An LED light source and novel fluorophore combinations improve fluorescence laparoscopic detection of metastatic pancreatic cancer in orthotopic mouse models

Cristina A. Metildi, Sharmeela Kaushal, Claudia Lee, Chanae R. Hardamon, Cynthia S. Snyder, George A. Luiken, Mark A. Talamini, Robert M. Hoffman, Michael Bouvet

Research output: Contribution to journalArticle

Abstract

Background: The aim of this study was to improve fluorescence laparoscopy of pancreatic cancer in an orthotopic mouse model with the use of a light-emitting diode (LED) light source and optimal fluorophore combinations. Study Design: Human pancreatic cancer models were established with fluorescent FG-RFP, MiaPaca2-GFP, BxPC-3-RFP, and BxPC-3 cancer cells implanted in 6-week-old female athymic mice. Two weeks postimplantation, diagnostic laparoscopy was performed with a Stryker L9000 LED light source or a Stryker X8000 xenon light source 24 hours after tail-vein injection of CEA antibodies conjugated with Alexa 488 or Alexa 555. Cancer lesions were detected and localized under each light mode. Intravital images were also obtained with the OV-100 Olympus and Maestro CRI Small Animal Imaging Systems, serving as a positive control. Tumors were collected for histologic analysis. Results: Fluorescence laparoscopy with a 495-nm emission filter and an LED light source enabled real-time visualization of the fluorescence-labeled tumor deposits in the peritoneal cavity. The simultaneous use of different fluorophores (Alexa 488 and Alexa 555), conjugated to antibodies, brightened the fluorescence signal, enhancing detection of submillimeter lesions without compromising background illumination. Adjustments to the LED light source permitted simultaneous detection of tumor lesions of different fluorescent colors and surrounding structures with minimal autofluorescence. Conclusions: Using an LED light source with adjustments to the red, blue, and green wavelengths, it is possible to simultaneously identify tumor metastases expressing fluorescent proteins of different wavelengths, which greatly enhanced the signal without compromising background illumination. Development of this fluorescence laparoscopy technology for clinical use can improve staging and resection of pancreatic cancer.

Original languageEnglish (US)
JournalJournal of the American College of Surgeons
Volume214
Issue number6
DOIs
StatePublished - Jun 2012
Externally publishedYes

Fingerprint

Pancreatic Neoplasms
Fluorescence
Light
Laparoscopy
Neoplasms
Lighting
Xenon
Antibodies
Peritoneal Cavity
Nude Mice
Tail
Veins
Color
Neoplasm Metastasis
Technology
Injections
Proteins

ASJC Scopus subject areas

  • Surgery

Cite this

An LED light source and novel fluorophore combinations improve fluorescence laparoscopic detection of metastatic pancreatic cancer in orthotopic mouse models. / Metildi, Cristina A.; Kaushal, Sharmeela; Lee, Claudia; Hardamon, Chanae R.; Snyder, Cynthia S.; Luiken, George A.; Talamini, Mark A.; Hoffman, Robert M.; Bouvet, Michael.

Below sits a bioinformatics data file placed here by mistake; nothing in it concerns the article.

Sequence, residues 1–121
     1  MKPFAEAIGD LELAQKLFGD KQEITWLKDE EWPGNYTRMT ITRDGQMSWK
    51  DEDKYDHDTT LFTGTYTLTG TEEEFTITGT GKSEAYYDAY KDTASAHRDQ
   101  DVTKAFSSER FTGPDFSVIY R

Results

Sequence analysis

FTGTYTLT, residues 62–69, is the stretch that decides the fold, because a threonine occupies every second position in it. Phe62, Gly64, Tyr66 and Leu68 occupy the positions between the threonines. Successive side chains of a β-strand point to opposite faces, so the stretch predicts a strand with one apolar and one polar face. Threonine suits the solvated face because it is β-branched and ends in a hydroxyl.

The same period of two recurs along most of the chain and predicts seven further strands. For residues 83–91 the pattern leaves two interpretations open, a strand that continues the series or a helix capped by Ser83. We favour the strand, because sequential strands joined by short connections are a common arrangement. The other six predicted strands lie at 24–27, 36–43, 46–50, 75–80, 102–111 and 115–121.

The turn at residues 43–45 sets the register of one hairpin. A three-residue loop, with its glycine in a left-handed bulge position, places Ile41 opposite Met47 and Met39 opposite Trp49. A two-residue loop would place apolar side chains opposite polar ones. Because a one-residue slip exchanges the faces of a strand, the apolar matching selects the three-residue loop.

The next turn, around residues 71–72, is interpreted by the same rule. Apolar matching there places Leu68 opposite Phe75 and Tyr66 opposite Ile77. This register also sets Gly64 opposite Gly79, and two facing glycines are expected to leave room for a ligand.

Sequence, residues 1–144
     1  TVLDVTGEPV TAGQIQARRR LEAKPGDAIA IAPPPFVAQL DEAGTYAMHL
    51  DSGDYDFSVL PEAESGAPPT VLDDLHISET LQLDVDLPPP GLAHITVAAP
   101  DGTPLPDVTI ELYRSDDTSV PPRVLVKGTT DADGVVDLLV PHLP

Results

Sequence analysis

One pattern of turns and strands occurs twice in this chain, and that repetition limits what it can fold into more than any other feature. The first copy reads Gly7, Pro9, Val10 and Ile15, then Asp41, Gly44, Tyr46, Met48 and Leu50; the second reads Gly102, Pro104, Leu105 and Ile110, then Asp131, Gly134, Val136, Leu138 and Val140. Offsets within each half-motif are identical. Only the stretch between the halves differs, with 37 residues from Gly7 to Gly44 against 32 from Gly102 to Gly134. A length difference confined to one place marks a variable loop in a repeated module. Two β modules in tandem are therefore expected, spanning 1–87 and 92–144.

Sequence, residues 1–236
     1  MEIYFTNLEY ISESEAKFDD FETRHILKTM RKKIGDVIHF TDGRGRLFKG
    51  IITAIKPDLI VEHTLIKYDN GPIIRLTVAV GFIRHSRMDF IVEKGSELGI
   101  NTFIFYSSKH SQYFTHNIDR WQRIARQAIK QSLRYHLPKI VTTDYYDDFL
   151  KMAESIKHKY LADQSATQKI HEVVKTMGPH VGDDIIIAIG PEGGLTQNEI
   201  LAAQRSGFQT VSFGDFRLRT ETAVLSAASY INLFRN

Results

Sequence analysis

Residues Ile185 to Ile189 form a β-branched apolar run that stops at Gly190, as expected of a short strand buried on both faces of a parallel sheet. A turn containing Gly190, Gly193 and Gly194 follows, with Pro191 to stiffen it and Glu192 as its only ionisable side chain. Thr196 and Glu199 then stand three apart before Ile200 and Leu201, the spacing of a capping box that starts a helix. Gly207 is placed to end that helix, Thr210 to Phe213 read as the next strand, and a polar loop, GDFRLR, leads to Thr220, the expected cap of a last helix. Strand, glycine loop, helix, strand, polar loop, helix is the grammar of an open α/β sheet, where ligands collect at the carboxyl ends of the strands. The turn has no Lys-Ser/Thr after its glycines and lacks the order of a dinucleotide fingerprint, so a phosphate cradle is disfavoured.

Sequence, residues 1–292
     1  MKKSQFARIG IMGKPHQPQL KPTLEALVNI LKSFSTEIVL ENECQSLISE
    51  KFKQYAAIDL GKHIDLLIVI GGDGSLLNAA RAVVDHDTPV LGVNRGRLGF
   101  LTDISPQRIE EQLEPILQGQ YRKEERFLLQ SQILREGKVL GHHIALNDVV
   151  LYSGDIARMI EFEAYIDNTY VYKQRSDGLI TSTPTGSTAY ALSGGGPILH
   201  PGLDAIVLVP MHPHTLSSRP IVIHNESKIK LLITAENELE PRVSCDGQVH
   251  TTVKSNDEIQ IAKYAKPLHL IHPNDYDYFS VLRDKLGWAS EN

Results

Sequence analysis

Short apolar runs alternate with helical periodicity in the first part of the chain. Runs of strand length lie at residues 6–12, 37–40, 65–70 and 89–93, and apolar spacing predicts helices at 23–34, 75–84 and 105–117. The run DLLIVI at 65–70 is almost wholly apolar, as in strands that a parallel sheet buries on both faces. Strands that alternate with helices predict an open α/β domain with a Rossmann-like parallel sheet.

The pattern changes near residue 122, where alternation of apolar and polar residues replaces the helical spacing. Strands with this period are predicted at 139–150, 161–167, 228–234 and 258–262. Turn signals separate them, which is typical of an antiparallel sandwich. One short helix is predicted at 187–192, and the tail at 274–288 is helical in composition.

In: Journal of the American College of Surgeons, Vol. 214, No. 6, 06.2012.

Research output: Contribution to journalArticle

Metildi, Cristina A. ; Kaushal, Sharmeela ; Lee, Claudia ; Hardamon, Chanae R. ; Snyder, Cynthia S. ; Luiken, George A. ; Talamini, Mark A. ; Hoffman, Robert M. ; Bouvet, Michael. / An LED light source and novel fluorophore combinations improve fluorescence laparoscopic detection of metastatic pancreatic cancer in orthotopic mouse models. In: Journal of the American College of Surgeons. 2012 ; Vol. 214, No. 6.
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abstract = "Background: The aim of this study was to improve fluorescence laparoscopy of pancreatic cancer in an orthotopic mouse model with the use of a light-emitting diode (LED) light source and optimal fluorophore combinations. Study Design: Human pancreatic cancer models were established with fluorescent FG-RFP, MiaPaca2-GFP, BxPC-3-RFP, and BxPC-3 cancer cells implanted in 6-week-old female athymic mice. Two weeks postimplantation, diagnostic laparoscopy was performed with a Stryker L9000 LED light source or a Stryker X8000 xenon light source 24 hours after tail-vein injection of CEA antibodies conjugated with Alexa 488 or Alexa 555. Cancer lesions were detected and localized under each light mode. Intravital images were also obtained with the OV-100 Olympus and Maestro CRI Small Animal Imaging Systems, serving as a positive control. Tumors were collected for histologic analysis. Results: Fluorescence laparoscopy with a 495-nm emission filter and an LED light source enabled real-time visualization of the fluorescence-labeled tumor deposits in the peritoneal cavity. The simultaneous use of different fluorophores (Alexa 488 and Alexa 555), conjugated to antibodies, brightened the fluorescence signal, enhancing detection of submillimeter lesions without compromising background illumination. Adjustments to the LED light source permitted simultaneous detection of tumor lesions of different fluorescent colors and surrounding structures with minimal autofluorescence. Conclusions: Using an LED light source with adjustments to the red, blue, and green wavelengths, it is possible to simultaneously identify tumor metastases expressing fluorescent proteins of different wavelengths, which greatly enhanced the signal without compromising background illumination. Development of this fluorescence laparoscopy technology for clinical use can improve staging and resection of pancreatic cancer.",
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AU - Kaushal, Sharmeela

AU - Lee, Claudia

AU - Hardamon, Chanae R.

AU - Snyder, Cynthia S.

AU - Luiken, George A.

AU - Talamini, Mark A.

AU - Hoffman, Robert M.

AU - Bouvet, Michael

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